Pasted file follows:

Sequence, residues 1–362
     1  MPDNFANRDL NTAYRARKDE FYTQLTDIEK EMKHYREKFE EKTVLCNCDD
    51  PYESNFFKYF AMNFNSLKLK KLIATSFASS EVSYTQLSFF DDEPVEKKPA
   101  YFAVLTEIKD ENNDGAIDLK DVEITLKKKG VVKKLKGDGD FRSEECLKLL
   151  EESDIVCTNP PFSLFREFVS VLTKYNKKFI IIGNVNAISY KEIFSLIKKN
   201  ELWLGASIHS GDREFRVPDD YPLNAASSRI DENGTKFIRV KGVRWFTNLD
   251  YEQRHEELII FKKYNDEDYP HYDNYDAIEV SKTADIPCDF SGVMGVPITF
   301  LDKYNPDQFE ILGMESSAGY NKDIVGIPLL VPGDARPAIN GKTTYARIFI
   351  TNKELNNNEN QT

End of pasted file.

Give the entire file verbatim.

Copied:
Sequence, residues 1–362
     1  MPDNFANRDL NTAYRARKDE FYTQLTDIEK EMKHYREKFE EKTVLCNCDD
    51  PYESNFFKYF AMNFNSLKLK KLIATSFASS EVSYTQLSFF DDEPVEKKPA
   101  YFAVLTEIKD ENNDGAIDLK DVEITLKKKG VVKKLKGDGD FRSEECLKLL
   151  EESDIVCTNP PFSLFREFVS VLTKYNKKFI IIGNVNAISY KEIFSLIKKN
   201  ELWLGASIHS GDREFRVPDD YPLNAASSRI DENGTKFIRV KGVRWFTNLD
   251  YEQRHEELII FKKYNDEDYP HYDNYDAIEV SKTADIPCDF SGVMGVPITF
   301  LDKYNPDQFE ILGMESSAGY NKDIVGIPLL VPGDARPAIN GKTTYARIFI
   351  TNKELNNNEN QT